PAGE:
Net loss, excluding other costs, was $18 million or a loss of $0.16 per fully diluted share. Non GAAP EBITDA, excluding other costs for the second quarter of 2020 was a loss of $15 million, which includes the unfavorable $12 million in inventory charges. With the current market challenges many face, we stand from a position of strength. We took proactive and decisive steps during the quarter to focus on what we control and solidified a net cash position of $269 million, our highest cash position since being public. Accounts receivable in the period were $242 million, down $124 million sequentially. DSOs for 2Q 2020 were 60 days, with inventory levels at $370 million resulted in inventory turn rates of 3.3 times. Accounts payable, $166 million with days payable at 50 days in the second quarter. We again, exited the quarter with no outstanding borrowings or draws against our revolving credit facility. As of June 30, 2020, our total liquidity from our credit facility availability plus cash on hand, totaled $525 million. Working capital, excluding cash as a percent of revenue from the second quarter of 2020 was approximately 24%. And periods of dramatic activity falloff like we have experienced, it leaves working capital velocity lower than at peak activity levels, especially in periods where customers are intentionally conserving cash and delaying deliveries. Net cash provided by operating activities was $68 million in the second quarter, with capital expenditures of $2 million, resulting in $66 million in free cash flow in 2Q 2020. The year-to-date free cash flow plus cash received from the divestiture in 1Q totaled $94 million and is notable. Looking back on the trailing two years, we have generated approximately $370 million in free cash flow through our initiatives to optimize working capital and strengthen our debt-free financial position. With that, I'll turn the call back to Dave.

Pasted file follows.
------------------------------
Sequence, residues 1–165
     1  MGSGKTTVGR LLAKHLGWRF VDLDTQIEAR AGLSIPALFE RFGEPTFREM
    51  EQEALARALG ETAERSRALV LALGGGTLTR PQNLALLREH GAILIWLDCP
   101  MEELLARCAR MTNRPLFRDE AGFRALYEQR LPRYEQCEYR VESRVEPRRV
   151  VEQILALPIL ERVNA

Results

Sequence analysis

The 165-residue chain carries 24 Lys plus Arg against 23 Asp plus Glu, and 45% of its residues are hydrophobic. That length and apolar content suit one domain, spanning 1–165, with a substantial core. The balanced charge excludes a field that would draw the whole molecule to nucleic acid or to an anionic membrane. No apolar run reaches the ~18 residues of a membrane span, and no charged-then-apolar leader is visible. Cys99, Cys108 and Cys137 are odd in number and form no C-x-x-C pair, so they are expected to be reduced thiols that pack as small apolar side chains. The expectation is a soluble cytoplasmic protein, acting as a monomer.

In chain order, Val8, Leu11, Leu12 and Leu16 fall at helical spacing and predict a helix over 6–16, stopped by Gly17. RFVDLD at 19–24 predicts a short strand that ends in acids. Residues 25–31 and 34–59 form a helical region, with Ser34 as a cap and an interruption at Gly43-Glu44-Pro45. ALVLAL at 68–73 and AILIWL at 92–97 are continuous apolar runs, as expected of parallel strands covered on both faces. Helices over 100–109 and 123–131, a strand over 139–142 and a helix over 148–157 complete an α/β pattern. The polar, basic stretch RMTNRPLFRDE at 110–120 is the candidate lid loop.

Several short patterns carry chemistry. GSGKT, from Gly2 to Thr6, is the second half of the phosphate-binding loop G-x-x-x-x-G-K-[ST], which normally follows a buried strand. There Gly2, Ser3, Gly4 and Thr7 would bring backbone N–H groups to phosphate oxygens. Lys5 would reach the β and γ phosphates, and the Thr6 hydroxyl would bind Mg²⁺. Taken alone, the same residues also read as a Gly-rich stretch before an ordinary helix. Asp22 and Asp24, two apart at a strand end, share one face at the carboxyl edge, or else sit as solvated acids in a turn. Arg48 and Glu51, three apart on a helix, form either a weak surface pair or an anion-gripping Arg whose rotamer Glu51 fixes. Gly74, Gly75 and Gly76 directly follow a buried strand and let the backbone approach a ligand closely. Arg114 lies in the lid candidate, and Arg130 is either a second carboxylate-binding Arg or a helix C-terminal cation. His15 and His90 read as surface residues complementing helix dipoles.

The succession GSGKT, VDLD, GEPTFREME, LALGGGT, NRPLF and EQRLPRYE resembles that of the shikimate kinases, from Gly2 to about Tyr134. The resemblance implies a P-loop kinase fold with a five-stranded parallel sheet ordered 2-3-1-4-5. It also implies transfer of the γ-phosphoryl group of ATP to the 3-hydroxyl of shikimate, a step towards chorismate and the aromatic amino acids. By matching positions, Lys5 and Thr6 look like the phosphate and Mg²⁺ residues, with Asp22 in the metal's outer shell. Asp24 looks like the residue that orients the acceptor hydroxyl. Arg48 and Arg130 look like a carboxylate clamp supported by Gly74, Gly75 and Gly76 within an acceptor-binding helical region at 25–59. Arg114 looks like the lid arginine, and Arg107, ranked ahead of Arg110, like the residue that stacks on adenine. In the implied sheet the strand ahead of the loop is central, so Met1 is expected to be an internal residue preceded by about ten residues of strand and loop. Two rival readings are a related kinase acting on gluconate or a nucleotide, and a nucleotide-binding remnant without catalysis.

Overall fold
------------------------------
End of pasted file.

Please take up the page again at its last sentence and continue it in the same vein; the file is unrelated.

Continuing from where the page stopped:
David Cherechinsky -- President and Chief Executive Officer and Director